But obscurity in the exposition always arises from obscurity of a philosopher's own understanding and study of his works. Vauvenargues has very aptly said "Lucidity is the good faith of philosophers." Pg. 11

On the other hand, Spinoza again evinces an unmistakable transcendental idealism, namely a knowledge, although only general, of the truths expounded by Locke and particularly by Kant, hence a real distinction between the phenomenon and the thing-in-itself, and a recognition that only the phenomenon is accessible to us.

Thus extension is by no means the opposite of representation, but lies wholly within this. We represent things as extended, and in so far as they are extended, they are our representation.

Therefore, independently of our representing, nothing extended can exist and also quite certainly nothing does exist. Pg. 12

For naturally only as represented are things extended, and only as extended are they capable of representation; the world of representation and the world in space are one and the same.

Idealism is the knowledge that what is extended in and fills space, and thus the world of intuitive perception generally, can have its existence as such absolutely only in our representation, and that it is absurd and even contradictory to attribute to it, as such, another existence outside all representation and independently of the knowing subject, and accordingly to assume a matter existing in itself. (He also contrasts idealism and spiritualism in a footnote). Pg. 14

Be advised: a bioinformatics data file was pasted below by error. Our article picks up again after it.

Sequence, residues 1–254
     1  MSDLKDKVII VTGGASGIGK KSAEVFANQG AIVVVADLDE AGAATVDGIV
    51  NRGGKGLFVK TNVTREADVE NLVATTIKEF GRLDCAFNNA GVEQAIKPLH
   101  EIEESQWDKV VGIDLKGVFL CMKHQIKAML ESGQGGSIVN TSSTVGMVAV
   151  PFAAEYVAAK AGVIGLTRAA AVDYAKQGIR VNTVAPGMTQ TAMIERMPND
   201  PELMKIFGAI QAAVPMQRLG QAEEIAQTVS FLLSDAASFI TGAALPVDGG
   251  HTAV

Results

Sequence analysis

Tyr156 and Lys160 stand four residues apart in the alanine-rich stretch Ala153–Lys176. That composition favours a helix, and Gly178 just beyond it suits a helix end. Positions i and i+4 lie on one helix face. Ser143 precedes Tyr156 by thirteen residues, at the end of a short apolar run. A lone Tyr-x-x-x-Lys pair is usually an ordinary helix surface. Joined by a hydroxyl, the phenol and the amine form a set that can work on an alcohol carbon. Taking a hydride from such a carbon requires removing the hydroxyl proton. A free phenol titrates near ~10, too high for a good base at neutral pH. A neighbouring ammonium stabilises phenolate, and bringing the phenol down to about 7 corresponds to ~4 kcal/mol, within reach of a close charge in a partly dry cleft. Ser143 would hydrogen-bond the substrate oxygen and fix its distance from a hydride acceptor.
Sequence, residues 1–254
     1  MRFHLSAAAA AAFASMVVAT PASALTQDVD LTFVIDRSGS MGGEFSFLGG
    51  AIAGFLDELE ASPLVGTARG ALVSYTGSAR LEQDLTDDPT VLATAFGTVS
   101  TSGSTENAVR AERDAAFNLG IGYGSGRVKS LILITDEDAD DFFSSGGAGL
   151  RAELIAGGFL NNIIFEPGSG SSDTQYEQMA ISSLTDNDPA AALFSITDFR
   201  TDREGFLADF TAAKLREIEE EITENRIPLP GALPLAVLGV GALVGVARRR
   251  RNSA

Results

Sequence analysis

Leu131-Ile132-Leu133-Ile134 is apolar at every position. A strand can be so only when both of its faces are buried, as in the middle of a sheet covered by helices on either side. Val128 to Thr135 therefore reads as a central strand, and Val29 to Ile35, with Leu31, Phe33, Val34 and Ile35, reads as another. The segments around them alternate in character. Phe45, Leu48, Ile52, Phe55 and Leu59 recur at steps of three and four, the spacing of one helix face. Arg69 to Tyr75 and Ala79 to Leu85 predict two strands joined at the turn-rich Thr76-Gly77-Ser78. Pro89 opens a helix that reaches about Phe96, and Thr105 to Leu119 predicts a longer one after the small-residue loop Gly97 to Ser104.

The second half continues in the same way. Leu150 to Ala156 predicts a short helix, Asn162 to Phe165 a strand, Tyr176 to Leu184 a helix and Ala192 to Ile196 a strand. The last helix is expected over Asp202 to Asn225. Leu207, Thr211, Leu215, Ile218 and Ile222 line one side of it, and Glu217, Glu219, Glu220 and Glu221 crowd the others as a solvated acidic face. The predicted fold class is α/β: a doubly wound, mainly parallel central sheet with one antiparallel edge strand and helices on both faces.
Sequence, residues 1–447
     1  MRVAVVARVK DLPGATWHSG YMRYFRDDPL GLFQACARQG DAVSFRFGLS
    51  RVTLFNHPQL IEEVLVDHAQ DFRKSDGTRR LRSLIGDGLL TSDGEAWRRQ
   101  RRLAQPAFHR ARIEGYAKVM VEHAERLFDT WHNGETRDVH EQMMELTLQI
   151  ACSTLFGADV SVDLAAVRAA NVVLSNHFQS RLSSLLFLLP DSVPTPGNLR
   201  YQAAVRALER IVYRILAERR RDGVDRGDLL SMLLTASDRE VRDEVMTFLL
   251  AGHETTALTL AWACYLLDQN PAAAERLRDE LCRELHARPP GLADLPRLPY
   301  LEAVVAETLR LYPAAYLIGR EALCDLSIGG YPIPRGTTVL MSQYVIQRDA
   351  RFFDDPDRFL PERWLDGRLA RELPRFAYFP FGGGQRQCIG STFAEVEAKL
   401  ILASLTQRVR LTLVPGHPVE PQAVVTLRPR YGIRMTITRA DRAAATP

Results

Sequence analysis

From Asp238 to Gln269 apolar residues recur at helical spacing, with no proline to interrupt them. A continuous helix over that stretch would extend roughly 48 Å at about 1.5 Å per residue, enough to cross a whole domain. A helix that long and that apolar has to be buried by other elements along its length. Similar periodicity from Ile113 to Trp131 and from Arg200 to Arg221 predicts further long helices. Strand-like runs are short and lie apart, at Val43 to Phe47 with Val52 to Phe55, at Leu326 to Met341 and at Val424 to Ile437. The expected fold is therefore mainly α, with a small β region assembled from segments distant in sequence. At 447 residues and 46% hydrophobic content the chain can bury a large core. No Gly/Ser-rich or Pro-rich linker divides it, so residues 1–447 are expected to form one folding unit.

Locke disposes of the distinction between the ideal and the real with arguments of sound but rough common sense, and by reference to the adequacy of our knowledge of things for practical purposes which obviously has nothing to do with the case and only shows how very inadequate to the problem empricism remains. Pg. 16

Sch. sees the origin of the distinction between thing-in-itself and the phenomenon in Locke.